Hell is getting what you want first thing in the morning, when it's the last thing in the world you need.
Hell is the life led by Doc Ebersole, the man at the mangled heart of
's unforgettable new novel about music, life, death, addiction, history, ghosts and glory. Doc awakens each day with a clawing thirst for drugs, until he can get his shaking hands on the dough and the dealer — in that order — that can help him slake that terrible need.
Yet Doc is distinct from the other junkies, not to mention the prostitutes, petty thieves and full-time connivers, who populate his block in San Antonio in 1963, which is where and when Earle's story is set.
His confidant is a ghost — and not just any ghost: The ghost of Hank Williams (1923-1953), the yodeling beanpole and songwriting genius who came up with such gems as "Your Cheatin' Heart" and "I'm So Lonesome I Could Cry."
The real-life Williams died from a combination of drugs, alcohol and despair — not necessarily in that order — and it makes sense that he'd hang around the earth a while, even after succumbing in the back seat of his car on his way to a gig in
Earle, of course, is best known as a songwriter, but only a natural-born novelist could make a sober reader believe that Hank is really there, moving in the shadows, probably trying to bum a few bucks for a snort and a pack of smokes from the devil himself:
," Earle writes. "A sharp, dry kind of cold, deep down where the marrow in his bones used to be, but he doesn't shiver and he doesn't shake. In fact, he hardly notices at all. Hank's been cold for as long as he can remember now, and it's only when some errant echo of human warmth accidentally strays into his colorless domain that he even bothers to give it a name."
Doc is not dead, the way Hank is, but you could be forgiven for not noticing much of a difference in their lifestyles. Doc, too, is cold and broken. He uses his medical skills — once upon a time he was a physician — to perform illegal abortions and to patch up his fellow bums when their quarrels escalate to the bloodletting stage. He has no illusions about his clientele: "They cut and they shot and they pounded their neighbors' faces into bloody pulp and strangled their own best drinking buddies with their bare hands, but Doc tried not to judge."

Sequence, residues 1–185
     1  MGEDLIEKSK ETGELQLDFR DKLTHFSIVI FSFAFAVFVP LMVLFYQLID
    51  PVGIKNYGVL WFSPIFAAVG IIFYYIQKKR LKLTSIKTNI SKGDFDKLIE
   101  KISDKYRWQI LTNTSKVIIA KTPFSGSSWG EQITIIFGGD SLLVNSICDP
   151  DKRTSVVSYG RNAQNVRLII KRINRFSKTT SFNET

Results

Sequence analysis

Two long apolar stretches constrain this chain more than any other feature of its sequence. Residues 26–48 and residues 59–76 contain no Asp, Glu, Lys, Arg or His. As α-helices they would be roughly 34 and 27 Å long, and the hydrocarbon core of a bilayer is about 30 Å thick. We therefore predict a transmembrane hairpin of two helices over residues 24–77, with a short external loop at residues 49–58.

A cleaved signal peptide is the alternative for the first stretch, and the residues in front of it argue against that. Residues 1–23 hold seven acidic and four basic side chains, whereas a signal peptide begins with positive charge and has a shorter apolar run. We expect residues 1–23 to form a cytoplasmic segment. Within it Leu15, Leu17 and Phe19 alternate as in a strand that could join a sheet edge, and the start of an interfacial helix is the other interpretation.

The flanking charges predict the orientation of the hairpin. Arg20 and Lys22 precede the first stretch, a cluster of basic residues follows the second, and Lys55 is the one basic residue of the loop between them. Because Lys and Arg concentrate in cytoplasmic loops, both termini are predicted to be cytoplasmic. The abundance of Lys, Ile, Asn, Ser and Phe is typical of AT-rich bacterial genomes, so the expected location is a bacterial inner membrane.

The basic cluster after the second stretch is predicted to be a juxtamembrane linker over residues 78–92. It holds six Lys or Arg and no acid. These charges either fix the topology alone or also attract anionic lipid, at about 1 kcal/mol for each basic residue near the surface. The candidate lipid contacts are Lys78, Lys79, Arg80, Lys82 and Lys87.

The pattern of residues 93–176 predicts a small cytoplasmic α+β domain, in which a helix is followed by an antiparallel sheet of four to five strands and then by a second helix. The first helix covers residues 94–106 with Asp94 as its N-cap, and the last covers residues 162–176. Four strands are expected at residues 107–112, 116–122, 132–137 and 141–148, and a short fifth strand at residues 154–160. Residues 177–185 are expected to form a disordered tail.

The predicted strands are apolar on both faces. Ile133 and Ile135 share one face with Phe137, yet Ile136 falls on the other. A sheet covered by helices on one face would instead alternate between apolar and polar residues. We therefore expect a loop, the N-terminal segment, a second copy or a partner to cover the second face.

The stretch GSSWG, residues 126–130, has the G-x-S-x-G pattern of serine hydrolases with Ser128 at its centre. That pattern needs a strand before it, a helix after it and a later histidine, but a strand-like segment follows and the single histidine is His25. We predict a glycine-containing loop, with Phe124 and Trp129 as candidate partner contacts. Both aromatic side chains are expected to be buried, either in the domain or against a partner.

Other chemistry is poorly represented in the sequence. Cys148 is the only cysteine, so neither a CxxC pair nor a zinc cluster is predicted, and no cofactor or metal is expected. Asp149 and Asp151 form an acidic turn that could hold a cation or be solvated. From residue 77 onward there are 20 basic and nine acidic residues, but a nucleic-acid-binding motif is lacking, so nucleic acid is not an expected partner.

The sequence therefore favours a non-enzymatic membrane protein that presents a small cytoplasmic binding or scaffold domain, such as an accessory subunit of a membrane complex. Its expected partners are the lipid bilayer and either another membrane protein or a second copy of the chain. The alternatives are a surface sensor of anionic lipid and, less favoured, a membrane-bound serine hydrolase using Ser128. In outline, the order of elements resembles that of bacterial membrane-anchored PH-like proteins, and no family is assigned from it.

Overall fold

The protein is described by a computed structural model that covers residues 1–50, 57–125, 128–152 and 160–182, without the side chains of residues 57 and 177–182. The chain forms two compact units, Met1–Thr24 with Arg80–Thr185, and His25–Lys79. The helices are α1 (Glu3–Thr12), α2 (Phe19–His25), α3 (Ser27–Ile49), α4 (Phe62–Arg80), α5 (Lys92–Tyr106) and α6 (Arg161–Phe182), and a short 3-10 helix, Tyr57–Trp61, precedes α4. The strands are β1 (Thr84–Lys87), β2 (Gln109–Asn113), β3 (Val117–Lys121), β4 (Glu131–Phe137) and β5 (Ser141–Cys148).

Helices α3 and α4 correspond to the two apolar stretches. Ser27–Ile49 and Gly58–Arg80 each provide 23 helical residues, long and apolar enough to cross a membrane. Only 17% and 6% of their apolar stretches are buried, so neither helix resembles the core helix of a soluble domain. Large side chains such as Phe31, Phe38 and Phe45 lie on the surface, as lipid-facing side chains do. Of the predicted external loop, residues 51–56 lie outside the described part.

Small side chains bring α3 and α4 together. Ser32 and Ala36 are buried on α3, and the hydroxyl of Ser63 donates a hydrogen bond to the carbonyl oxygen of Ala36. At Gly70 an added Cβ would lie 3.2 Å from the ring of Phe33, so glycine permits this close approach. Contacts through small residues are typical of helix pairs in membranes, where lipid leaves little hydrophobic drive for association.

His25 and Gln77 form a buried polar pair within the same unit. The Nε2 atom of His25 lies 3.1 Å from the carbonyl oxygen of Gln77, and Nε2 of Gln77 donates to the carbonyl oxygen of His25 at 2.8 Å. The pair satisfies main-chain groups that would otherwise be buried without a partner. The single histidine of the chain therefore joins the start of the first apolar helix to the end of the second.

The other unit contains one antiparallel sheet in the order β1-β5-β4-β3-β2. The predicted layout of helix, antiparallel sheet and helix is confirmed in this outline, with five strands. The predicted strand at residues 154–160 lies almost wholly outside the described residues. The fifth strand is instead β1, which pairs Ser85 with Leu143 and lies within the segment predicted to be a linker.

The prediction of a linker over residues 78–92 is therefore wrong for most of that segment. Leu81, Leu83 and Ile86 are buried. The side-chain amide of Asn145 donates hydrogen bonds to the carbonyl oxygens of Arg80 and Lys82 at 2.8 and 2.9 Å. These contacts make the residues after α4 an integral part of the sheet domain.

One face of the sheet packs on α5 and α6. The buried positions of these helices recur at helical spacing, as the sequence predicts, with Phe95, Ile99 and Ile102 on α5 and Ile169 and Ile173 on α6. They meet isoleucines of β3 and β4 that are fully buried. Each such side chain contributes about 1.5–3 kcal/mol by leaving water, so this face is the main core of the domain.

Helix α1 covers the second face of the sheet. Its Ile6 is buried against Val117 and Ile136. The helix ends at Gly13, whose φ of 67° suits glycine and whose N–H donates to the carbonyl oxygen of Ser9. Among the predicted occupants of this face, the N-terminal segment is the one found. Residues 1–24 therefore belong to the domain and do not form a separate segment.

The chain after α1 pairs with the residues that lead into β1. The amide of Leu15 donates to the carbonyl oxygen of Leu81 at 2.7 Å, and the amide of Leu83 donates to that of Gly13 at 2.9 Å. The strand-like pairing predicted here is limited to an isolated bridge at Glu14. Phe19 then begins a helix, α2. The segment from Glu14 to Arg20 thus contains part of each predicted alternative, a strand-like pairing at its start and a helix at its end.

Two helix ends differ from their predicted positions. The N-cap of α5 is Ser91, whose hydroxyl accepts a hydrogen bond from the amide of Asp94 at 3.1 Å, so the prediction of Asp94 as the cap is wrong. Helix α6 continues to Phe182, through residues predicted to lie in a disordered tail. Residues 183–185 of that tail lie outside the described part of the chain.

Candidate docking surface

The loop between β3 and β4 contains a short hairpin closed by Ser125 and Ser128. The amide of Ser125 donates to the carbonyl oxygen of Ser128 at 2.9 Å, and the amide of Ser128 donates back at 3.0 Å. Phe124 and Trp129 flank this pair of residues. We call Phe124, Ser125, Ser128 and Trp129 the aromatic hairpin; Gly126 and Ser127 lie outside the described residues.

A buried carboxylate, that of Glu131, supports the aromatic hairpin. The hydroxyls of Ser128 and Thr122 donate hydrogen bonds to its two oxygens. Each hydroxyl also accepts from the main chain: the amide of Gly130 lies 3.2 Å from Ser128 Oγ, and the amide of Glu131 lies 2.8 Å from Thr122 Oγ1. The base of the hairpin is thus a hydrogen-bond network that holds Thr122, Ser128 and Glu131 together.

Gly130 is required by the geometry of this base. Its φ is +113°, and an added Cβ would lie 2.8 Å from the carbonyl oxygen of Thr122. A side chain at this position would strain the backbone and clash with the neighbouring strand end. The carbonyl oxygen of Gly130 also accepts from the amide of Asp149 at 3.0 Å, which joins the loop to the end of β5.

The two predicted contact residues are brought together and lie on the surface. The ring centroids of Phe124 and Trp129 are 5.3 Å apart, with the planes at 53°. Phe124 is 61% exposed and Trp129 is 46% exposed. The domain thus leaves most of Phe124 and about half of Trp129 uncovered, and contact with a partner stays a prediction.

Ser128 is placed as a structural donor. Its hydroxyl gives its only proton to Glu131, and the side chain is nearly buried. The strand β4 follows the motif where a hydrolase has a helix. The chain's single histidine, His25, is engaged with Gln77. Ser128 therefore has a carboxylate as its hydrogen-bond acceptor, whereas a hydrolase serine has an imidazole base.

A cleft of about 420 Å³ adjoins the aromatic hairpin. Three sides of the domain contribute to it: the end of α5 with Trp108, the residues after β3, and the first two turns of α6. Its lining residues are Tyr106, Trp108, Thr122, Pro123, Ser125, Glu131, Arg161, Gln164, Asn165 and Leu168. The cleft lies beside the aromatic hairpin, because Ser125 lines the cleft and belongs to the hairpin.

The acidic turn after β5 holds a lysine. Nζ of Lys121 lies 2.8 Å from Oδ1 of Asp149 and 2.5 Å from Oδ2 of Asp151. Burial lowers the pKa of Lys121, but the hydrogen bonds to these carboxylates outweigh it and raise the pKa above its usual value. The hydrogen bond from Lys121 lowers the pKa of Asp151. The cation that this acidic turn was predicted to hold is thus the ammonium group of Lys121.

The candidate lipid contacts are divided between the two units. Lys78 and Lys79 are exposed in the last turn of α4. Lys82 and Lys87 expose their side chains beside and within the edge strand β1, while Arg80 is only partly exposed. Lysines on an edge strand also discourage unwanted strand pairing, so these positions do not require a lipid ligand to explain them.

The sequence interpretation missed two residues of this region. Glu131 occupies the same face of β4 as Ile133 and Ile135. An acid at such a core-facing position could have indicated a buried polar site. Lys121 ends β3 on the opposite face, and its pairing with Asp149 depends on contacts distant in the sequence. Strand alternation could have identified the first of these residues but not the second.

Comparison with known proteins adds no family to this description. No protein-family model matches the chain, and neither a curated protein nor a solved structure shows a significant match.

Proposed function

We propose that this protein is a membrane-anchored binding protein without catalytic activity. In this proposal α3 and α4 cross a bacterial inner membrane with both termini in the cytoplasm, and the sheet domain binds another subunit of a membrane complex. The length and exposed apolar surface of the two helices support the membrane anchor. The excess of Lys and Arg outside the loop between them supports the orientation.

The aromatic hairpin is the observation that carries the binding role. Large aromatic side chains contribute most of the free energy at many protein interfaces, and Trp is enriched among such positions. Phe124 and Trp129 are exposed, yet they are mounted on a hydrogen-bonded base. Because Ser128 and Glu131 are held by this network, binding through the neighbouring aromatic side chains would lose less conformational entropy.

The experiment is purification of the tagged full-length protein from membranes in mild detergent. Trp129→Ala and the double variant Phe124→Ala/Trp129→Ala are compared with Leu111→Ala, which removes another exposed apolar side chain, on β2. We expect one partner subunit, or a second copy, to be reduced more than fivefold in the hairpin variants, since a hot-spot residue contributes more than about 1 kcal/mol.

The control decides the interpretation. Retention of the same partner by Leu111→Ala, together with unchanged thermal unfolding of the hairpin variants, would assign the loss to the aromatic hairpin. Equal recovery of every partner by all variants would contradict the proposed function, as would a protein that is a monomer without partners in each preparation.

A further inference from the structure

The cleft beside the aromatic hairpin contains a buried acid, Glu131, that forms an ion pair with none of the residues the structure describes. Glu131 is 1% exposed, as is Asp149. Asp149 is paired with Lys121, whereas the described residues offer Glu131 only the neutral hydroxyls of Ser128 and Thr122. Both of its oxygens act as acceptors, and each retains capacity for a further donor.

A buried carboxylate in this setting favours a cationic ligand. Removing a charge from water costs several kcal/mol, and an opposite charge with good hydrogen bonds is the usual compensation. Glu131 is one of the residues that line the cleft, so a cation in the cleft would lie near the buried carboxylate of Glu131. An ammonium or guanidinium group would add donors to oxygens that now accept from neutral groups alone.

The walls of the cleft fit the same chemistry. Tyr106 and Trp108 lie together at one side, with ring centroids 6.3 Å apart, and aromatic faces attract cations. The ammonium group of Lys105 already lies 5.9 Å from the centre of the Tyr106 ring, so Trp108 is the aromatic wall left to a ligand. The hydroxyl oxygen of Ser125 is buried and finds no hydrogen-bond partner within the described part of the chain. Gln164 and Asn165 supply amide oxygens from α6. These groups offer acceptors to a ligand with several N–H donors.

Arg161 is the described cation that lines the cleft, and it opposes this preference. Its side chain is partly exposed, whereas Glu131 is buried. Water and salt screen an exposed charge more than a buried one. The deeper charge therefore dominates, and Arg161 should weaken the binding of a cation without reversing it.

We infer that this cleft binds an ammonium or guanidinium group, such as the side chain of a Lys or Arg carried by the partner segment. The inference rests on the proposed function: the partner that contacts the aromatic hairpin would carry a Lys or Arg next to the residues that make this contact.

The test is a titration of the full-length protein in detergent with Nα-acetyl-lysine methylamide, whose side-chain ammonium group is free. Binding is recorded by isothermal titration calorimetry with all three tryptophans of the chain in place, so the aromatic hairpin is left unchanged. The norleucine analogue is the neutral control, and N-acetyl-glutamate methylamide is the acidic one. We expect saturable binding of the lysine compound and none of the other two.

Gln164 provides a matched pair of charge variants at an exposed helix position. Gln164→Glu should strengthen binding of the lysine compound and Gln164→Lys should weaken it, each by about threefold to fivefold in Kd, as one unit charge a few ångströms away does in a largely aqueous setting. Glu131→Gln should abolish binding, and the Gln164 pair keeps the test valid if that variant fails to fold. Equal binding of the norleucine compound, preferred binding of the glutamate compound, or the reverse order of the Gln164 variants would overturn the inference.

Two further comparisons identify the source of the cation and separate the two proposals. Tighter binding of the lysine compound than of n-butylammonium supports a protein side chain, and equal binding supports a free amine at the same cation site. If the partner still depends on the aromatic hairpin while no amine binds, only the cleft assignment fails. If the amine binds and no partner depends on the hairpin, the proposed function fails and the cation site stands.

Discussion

Then something magical happens. Doc finds — or is found by — Graciela, 18 years old and enamored of him. The alliance is sweet and fragile and redemptive. And it irritates the heck out of Hank's ghost, who squints and frets and plots, determined to drag Doc back from the brink of happiness.
There are funny, poignant subplots as well, such as the day when Doc and his pals pile into a car and drive to the airport. They've gotten wind that President John Kennedy and his wife will be arriving there. They want a glimpse of him, this impossibly handsome man and his unbearably beautiful wife.
The true beauty of "I'll Never Get Out of This World Alive" lies in Earle's prose, which is rich and wild and — this part won't surprise you one bit — musical. Make no mistake: The author doesn't romanticize Doc's degenerate world. The scenes in which Doc tries to kick his
addiction are gruesome: "His
felt like an acid-lined exoskeleton, unshed and at least two sizes too small."
Earle, who conquered his own heroin addiction, knows this world well.
But the beauty still bleeds through, like a dark paint beneath a lighter coat. Earle has supplemented his novel with an album of the same name. That might be overkill, because his paragraphs move with their own raw rhythm. Listen as Hank's ghost explains the difference between "lonely" and "lonesome."
And he should know:
"Lonely's a temporary condition, a cloud that blocks out the sun for a spell and then makes the sunshine seem even brighter after it travels along. … Lonesome's a whole other thing. Incurable. Terminal. A hole in your heart you could drive a semi truck through. … Both Doc and Hank crossed over that line between lonely and lonesome a long time ago."
The question is: Can you ever cross back?